PICU was Romeo’s home for 117 days, this place will forever hold a special place in our hearts. Despite all the scary times, devastating conversations and just witnessing our little boy go through so much in there it felt like home to us and we made so many happy memories with Romeo there when he seemed his healthiest thanks to the magic wonder drug Milrinone.

I think in total Romeo was intubated 7 times in PICU, it was a long road with lots of ups and downs, he nearly left once but ended up with recurring infections and had to stay. He moved beds 8 times in there we often joked that he was going to try out every bed space. We were willing to spend over a year in there, however long it would take to get him a new heart. Gradually we started moving more of his stuff in there, toys, clothes, books, his playmat; making it more homely for him and he loved it. The nurses would fight over him at handover time and even if some of his favourites didn’t get to look after him for their shift they would be sure to come over, say hello and check on him.

From January to April he was very poorly, he had operations for his Hickman line, muscle biopsy and lumbar puncture. One day we were taken by complete surprise when the doctors came over during handover and told us he needed intubating again as his work of breathing had increased from another infection, this was the last ever time he was intubated but the scariest. They gave us 5 minutes to kiss and cuddle him whilst they sorted out all the trolleys but told us he may not handle it, this was terrifying and we were taken to the parents room to wait for an update. Luckily he handled it better than they expected and he spent the next 7 days on the ventilator, we were getting prepared to extubate him on the 17th of March which also happened to be daddy’s birthday but that night we were woken by a phone call in the early hours, Romeo had suffered a cardiac arrest. We rushed back over from Ronald McDonald to see him and I could tell straight away he had had another stroke. His central line had somehow fallen out of his neck so they had to anaesthetise him to put another one in which caused him to arrest, it was apparent from this that he probably wouldn’t have handled any more anaesthetics. The next day was torture, he was stuck in a prolonged SVT with his heart rate continuously stuck at 160bpm, baring in mind his resting heart rate should have been about 90bpm. He wasn’t regaining movement in his arm and leg and it was one of the worst days in there watching him struggling. He stayed on the ventilator for another 7 days after this and during this time he was moved from a cot to a bed so that we could lay with him.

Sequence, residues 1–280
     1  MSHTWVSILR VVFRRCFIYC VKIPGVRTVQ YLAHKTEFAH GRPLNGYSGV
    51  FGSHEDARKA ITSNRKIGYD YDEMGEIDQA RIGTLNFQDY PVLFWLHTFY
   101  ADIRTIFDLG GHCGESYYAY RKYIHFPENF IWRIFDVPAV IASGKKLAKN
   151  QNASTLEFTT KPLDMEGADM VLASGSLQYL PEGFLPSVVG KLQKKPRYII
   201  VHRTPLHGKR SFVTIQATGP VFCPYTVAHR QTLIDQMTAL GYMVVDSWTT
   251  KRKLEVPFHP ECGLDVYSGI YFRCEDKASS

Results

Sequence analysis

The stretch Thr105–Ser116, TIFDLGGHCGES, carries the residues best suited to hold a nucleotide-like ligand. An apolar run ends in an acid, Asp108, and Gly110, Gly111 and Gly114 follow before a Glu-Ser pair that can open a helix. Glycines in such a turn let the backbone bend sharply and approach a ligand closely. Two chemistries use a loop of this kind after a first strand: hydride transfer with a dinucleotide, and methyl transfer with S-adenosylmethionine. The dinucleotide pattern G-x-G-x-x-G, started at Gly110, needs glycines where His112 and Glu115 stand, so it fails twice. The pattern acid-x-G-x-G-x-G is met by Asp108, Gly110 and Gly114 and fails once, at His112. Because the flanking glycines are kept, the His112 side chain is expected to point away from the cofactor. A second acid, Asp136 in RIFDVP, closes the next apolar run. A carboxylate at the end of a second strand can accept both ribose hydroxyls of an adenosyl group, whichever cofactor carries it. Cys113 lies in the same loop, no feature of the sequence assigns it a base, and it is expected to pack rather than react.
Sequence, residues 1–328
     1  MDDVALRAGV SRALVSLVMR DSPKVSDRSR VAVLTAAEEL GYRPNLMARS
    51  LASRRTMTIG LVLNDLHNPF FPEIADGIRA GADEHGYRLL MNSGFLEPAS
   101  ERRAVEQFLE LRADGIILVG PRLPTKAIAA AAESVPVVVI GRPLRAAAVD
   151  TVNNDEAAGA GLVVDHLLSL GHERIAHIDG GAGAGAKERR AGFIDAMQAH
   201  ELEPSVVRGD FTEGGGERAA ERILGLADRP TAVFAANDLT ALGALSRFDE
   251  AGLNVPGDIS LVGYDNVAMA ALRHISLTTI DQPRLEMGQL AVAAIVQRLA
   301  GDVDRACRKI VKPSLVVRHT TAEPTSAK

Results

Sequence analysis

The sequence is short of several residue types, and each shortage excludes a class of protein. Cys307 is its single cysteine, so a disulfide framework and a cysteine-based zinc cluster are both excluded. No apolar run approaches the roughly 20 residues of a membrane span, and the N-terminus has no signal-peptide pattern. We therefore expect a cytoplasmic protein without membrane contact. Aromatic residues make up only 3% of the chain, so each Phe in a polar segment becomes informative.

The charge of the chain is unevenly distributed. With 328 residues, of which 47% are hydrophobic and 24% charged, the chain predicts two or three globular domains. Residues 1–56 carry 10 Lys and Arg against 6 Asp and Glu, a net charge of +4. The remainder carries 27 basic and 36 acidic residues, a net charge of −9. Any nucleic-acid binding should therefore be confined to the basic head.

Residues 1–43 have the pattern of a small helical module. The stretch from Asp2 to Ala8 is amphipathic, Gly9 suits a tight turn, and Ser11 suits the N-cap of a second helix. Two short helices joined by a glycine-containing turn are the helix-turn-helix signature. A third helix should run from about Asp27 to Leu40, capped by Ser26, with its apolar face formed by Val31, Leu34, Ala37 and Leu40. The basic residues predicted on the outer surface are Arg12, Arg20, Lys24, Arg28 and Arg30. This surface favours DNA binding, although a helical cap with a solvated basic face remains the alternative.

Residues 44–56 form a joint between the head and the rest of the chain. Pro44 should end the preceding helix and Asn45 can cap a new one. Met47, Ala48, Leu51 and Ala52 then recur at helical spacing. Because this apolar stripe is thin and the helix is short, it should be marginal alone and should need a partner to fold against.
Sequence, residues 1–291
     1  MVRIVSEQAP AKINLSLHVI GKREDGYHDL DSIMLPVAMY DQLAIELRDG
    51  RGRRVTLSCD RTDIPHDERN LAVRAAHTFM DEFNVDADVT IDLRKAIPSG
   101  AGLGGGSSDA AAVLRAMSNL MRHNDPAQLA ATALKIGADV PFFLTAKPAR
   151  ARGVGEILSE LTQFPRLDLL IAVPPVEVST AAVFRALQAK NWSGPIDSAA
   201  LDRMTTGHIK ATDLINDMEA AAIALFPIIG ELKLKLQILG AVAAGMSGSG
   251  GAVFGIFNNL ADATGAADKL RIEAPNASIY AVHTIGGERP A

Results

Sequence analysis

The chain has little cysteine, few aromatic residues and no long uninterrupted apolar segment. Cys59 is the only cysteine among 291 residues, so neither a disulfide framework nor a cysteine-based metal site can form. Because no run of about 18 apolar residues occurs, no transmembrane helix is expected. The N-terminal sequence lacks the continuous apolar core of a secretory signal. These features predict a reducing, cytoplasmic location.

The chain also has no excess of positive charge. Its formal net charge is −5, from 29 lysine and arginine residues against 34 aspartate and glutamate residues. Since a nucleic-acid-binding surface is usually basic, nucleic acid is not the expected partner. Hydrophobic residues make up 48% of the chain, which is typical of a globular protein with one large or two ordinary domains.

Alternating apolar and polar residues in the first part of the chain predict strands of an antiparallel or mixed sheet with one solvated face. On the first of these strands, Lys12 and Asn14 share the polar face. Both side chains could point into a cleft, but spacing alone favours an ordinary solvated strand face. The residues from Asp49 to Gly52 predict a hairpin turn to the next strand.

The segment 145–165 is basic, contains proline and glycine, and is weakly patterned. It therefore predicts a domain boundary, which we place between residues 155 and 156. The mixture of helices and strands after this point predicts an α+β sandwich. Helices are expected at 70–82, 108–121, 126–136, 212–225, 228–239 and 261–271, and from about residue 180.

When Romeo came off the ventilator this time he was so different, we finally started seeing his personality shine back through, he seemed so much happier and healthier. We brought his bath in from home and once his femoral line was removed we could give him his first bath since January which he absolutely adored, he gave us the biggest smiles which we hadn’t seen in months. It was incredible and a real turning point for us. From then on he had daily baths in PICU which everyone loved watching and it was often our favourite part of the day. It took a long time to get the movement in his arm and leg better but he was now able to play and roll around like he used to at home. The nurses would take him for walks around the unit and everyday he would go and stroke the elephants at the entrance of the ward, this became his daily ritual.

We celebrated Easter, one of the nurses had arranged an Easter egg hunt around the ward which he loved. The next day was his 2nd Birthday and the staff made it so special, they decorated his bed space with bunting and balloons and one of the nurses made a delicious cake for us all. 2 days later we then celebrated our Wedding at the hospital chapel which really was the most magical day made even more special having Romeo there with us. We could never thank all the staff in there for all the amazing memories they gave us and all the times they went above and beyond for our family.

Romeo was finally getting better day by day and we could start taking him for trips off the ward to the coffee shop or gardens on the hospital grounds, he had so much wonder in his eyes and it was beautiful just spending time in the fresh air with him. In the background there was a lot going on, we had asked for a second opinion from Newcastle with regards to listing Romeo for a transplant and we were anxiously awaiting results from his muscle biopsy to find out whether he would be a suitable candidate.

On the 30th of April we finally had some answers, but not the answers we wanted. Although his muscle biopsy had come back clear for mitochondrial disease the transplant team at Newcastle had decided that Romeo was not a suitable candidate for transplant and there was nothing more that could be done for him. Our hearts completely shattered knowing that the only thing that could save him was no longer a possibility. Our baby was now palliative.

In hindsight this was probably the best decision as much as we wanted him to have a chance at life realistically Romeo wouldn’t have survived another year in hospital, he would have suffered unnecessarily and that is selfish of us for wanting to put him through it knowing that we never would have got the right outcome. As much as I wanted to keep fighting back then I am so grateful that we did eventually take him home; no more suffering for him, surrounded by love with his family as he deserved and slipping away in the comfort of his own bed.